News Release

Latter-day Saints in Mexico Join Forces to Help More Than 142,000 Fellow Mexicans in Vulnerable Situations

Church members’ donations help purchase 38,500 boxes of food that will be distributed to 32 Cáritas Mexicana food pantry locations throughout the country

As part of #ConstruyendoPuentes (#Building Bridges), a charitable initiative organized to help individuals and families struggling to make ends meet during the COVID-19 pandemic, Latter-day Saints in Mexico recently donated more than 7 million Mexican pesos to purchase 38,500 boxes of food that will be distributed to food pantries in Mexico.

Latter-day Saint Charities, the humanitarian arm of The Church of Jesus Christ, and Cáritas Mexicana, a member of Caritas Internationalis (a Catholic relief, development and social service organization), partnered to organize the donations.


Cáritas Mexicana will be in charge of distributing the food boxes to more than 30 of their food pantry locations throughout the Mexican republic. The charitable organization works with Catholic dioceses and archdioceses in 79 cities and serves low-income families regardless of their religious affiliation.

Items purchased and packed in food boxes, that will be distributed to Cáritas Mexicana food pantry recipients, include rice, beans, salt, cooking oil, sugar, soup, cornstarch, tuna, wheat and hygiene kits.

The Church’s first donation of food boxes went to the Archdiocese of Tlalnepantla's food pantry, where Elder Helamán Montejo, an Area Seventy and representative of the Area Presidency of The Church of Jesus Christ in Mexico, highlighted the partnership between the Church and Cáritas Mexicana.

“We are very grateful to be able to join forces with you, our friends from Cáritas, on behalf of so many people that we know that when they receive this blessing they will surely raise a prayer of gratitude,” said Elder Montejo. “We hope this is not the only or the last time that we can join forces to bless the lives of God’s children through that love that unites us.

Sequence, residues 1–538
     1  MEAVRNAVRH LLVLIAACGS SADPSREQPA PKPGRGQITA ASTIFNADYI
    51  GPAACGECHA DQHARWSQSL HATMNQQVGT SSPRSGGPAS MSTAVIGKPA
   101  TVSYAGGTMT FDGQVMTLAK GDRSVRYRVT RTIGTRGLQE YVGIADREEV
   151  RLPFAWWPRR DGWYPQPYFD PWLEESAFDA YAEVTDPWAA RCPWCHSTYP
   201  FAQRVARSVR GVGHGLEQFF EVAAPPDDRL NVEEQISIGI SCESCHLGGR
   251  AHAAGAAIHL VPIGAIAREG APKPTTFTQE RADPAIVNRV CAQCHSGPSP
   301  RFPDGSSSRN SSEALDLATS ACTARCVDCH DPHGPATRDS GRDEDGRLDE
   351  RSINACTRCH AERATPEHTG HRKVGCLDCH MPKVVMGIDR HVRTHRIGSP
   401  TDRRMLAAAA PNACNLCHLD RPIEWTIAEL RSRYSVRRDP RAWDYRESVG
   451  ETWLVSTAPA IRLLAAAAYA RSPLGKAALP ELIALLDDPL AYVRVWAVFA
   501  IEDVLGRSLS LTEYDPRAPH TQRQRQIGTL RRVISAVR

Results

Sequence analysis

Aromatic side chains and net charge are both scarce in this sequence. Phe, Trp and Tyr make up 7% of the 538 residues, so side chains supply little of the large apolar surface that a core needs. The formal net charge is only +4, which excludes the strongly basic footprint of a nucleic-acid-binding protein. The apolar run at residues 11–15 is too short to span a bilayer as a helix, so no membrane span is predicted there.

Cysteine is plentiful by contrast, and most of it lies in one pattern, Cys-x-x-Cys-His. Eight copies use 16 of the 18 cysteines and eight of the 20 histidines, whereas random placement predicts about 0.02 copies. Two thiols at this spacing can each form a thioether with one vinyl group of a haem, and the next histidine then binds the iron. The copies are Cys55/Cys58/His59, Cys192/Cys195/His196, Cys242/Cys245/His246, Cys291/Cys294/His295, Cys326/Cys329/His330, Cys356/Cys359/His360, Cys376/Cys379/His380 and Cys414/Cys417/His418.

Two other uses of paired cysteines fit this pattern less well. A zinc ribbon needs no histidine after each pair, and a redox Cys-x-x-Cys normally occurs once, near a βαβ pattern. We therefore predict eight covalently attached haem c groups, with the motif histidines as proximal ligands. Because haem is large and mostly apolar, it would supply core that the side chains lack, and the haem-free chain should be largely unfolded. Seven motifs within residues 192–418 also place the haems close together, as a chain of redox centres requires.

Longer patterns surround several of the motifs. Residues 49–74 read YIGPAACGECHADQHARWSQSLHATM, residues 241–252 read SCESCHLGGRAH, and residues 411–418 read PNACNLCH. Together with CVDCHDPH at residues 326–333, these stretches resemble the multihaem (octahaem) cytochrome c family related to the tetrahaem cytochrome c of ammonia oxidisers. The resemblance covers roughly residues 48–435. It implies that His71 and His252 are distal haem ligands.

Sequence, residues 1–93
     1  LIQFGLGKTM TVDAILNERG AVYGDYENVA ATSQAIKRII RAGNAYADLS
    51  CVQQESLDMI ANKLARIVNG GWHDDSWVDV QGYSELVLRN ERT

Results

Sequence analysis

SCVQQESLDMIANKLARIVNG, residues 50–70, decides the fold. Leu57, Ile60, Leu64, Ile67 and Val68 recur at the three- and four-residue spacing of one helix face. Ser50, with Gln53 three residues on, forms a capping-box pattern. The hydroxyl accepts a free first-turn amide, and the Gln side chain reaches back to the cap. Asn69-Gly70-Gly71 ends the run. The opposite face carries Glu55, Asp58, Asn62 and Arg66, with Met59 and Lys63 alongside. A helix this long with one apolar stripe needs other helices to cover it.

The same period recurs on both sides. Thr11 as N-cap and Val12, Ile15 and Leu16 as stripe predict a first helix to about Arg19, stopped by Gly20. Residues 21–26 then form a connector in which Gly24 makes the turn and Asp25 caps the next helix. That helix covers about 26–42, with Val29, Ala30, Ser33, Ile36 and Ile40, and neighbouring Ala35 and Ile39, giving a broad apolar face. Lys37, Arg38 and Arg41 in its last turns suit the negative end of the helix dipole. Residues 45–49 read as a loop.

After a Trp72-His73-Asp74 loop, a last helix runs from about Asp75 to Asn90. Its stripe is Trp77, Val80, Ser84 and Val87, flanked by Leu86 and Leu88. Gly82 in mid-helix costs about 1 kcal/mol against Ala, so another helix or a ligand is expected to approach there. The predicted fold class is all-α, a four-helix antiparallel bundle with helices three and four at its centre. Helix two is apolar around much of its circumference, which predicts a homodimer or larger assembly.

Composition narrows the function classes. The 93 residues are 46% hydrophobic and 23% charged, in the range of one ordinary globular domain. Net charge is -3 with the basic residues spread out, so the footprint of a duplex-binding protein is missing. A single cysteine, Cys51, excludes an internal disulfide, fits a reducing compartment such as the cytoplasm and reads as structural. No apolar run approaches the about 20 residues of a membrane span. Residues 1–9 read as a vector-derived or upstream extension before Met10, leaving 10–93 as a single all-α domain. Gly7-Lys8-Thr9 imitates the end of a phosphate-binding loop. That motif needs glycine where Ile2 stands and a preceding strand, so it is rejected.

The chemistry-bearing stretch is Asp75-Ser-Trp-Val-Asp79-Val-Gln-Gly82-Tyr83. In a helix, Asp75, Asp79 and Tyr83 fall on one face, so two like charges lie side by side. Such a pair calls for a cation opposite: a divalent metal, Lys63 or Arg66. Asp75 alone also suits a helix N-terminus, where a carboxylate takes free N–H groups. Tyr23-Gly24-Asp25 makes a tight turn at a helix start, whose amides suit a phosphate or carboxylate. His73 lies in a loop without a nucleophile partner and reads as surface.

“For us, as members of The Church of Jesus Christ of Latter-day Saints, following the example of the Savior is the example we try to instill in our families. If we want to demonstrate love for God we have to love our neighbor no matter who we are, where we are. We even have to love beyond the beliefs we profess,” he said.

Father Rogelio Narváez Martínez, the executive secretary of Cáritas Mexicana, who attended an event to commemorate the delivery of food donations to the first food pantry location, emphasized that solidarity is the manifestation of authentic love.

“As a representative of the Catholic church, in social work, we thank the Latter-day Saints for this gesture of compassion, love and generosity,” said Father Narváez Martinez. “Our Latter-day Saint brothers don’t know the face [of the donation recipients], but they know what to do because they know where help is going to go.”

The Cáritas Mexicana official also expressed to Mexico’s Church Newsroom team that the work between different religions helps fulfill a mandate that Pope Francis extended during the February 2019 Global Conference on Human Fraternity.

“Religions, in a special way, cannot give up the urgent task of building bridges between peoples and cultures,” said Pope Francis, during the conference.

During the commemorative event for the donations, Guillermo Tinoco Ramírez, a Latter-day Saint Church leader from the Tlalnepantla congregation, said that the coordinated work with Cáritas, an entity from a different religious denomination, is something that should be emulated so that more people can be served.

“We don’t need to know people to be able to extend a helping hand. Today we have the opportunity to be instruments in the hands of God to bless the lives of our fellow men, our brothers and sisters,” he said.

Others who participated in the first food pantry’s distribution ceremony included Esteban Vázquez, a manager from the Church’s Welfare and Self-reliance department; Alberto Arciniega, secretary of the Cáritas Mexicana Division; and Monsignor Sergio Peña Hernández, a Cáritas director from the Tlalnepantla archdiocese.

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